Some portions of the detailed descriptions which follow are presented in terms of algorithms and symbolic representations of operations on data bits within a computer memory. These algorithmic descriptions and representations are the means used by those skilled in the data processing arts to most effectively convey the substance of their work to others skilled in the art. An algorithm is here, and generally, conceived to be a self-consistent sequence of steps leading to a desired result. The steps are those requiring physical manipulations of physical quantities. Usually, though not necessarily, these quantities take the form of electrical or magnetic signals capable of being stored, transferred, combined, compared, and otherwise manipulated. It has proven convenient at times, principally for reasons of common usage, to refer to these signals as bits, values, elements, symbols, characters, terms, numbers, or the like.

It should be borne in mind, however, that all of these and similar terms are to be associated with the appropriate physical quantities and are merely convenient labels applied to these quantities. Unless specifically stated otherwise, as apparent from the following discussion, it is appreciated that throughout the description, discussions utilizing terms such as “mimicking”, “measuring”, “collecting”, “assigning”, “determining”, or the like, refer to the action and processes of a computer system, or similar electronic computing device, that manipulates and transforms data represented as physical (electronic) quantities within the computer system's registers and memories into other data similarly represented as physical quantities within the computer system memories or registers or other such information storage, transmission or display devices.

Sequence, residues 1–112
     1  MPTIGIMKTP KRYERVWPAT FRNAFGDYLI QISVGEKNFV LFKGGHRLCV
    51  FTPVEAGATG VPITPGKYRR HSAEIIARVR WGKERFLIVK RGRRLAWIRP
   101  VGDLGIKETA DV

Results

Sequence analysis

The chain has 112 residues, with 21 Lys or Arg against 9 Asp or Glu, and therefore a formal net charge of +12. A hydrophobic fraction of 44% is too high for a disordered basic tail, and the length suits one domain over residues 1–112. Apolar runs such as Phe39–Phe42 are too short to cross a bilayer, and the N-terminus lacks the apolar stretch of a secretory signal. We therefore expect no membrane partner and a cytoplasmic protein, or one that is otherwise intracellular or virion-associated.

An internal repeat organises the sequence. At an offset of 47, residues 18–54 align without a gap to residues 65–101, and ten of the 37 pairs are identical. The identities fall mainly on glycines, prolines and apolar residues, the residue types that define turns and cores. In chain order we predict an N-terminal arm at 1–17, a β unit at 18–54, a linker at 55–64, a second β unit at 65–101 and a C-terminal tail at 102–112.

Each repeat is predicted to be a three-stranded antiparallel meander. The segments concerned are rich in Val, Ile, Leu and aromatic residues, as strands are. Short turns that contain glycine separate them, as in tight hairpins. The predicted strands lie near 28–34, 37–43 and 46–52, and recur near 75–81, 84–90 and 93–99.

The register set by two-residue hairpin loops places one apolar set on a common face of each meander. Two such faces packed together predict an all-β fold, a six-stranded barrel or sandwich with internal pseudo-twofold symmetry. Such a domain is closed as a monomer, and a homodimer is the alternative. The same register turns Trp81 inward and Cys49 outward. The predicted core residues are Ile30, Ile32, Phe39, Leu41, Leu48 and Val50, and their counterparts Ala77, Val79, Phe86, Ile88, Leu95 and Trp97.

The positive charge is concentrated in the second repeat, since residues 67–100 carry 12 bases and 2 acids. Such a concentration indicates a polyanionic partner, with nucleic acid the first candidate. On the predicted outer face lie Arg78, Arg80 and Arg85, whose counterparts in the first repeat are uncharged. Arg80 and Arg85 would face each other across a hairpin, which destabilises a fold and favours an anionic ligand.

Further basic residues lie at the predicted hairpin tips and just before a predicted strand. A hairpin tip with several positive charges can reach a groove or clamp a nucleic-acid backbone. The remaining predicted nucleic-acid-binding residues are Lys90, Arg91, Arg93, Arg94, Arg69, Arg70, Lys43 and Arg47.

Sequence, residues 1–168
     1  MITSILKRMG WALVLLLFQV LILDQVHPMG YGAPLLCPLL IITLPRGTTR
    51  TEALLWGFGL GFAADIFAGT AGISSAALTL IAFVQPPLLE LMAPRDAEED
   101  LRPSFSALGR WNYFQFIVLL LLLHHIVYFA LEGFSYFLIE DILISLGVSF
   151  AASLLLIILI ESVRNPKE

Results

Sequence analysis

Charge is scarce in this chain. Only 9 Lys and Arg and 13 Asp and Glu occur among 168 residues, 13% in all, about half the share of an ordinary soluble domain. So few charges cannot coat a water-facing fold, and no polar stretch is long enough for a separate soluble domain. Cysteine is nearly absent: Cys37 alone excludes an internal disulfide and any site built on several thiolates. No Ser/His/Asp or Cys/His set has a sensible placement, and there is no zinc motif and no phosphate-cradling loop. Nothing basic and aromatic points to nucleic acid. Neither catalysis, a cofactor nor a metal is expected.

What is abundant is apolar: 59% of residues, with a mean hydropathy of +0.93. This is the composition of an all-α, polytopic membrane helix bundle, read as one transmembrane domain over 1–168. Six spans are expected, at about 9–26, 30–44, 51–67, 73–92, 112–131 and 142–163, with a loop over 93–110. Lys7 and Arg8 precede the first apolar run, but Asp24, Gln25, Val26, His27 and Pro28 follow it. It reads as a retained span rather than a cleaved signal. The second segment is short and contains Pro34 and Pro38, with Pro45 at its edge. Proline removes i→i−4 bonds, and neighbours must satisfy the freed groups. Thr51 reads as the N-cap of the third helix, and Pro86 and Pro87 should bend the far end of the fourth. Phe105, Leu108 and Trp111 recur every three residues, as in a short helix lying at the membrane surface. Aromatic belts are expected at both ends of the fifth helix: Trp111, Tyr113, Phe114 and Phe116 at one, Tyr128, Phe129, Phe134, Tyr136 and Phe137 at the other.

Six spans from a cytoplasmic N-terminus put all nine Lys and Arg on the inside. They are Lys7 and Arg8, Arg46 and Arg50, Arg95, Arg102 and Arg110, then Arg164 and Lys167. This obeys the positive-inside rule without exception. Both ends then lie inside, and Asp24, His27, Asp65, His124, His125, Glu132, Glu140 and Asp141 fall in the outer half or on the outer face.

The present invention also relates to an apparatus for performing the operations herein. This apparatus may be specially constructed for the required purposes, or it may comprise a general purpose computer selectively activated or reconfigured by a computer program stored in the computer. Such a computer program may be stored in a computer readable storage medium, such as, but not limited to, any type of disk including floppy disks, optical disks, CD-ROMs, and magnetic-optical disks, read-only memories (ROMs), random access memories (RAMs), EPROMs, EEPROMs, magnetic or optical cards, or any type of media suitable for storing electronic instructions, each coupled to a computer system bus.

The algorithms and displays presented herein are not inherently related to any particular computer or other apparatus. Various general purpose systems may be used with programs in accordance with the teachings herein, or it may prove convenient to construct more specialized apparatus to perform the required method steps. The required structure for a variety of these systems will appear as set forth in the description below. In addition, the present invention is not described with reference to any particular programming language. It will be appreciated that a variety of programming languages may be used to implement the teachings of the invention as described herein.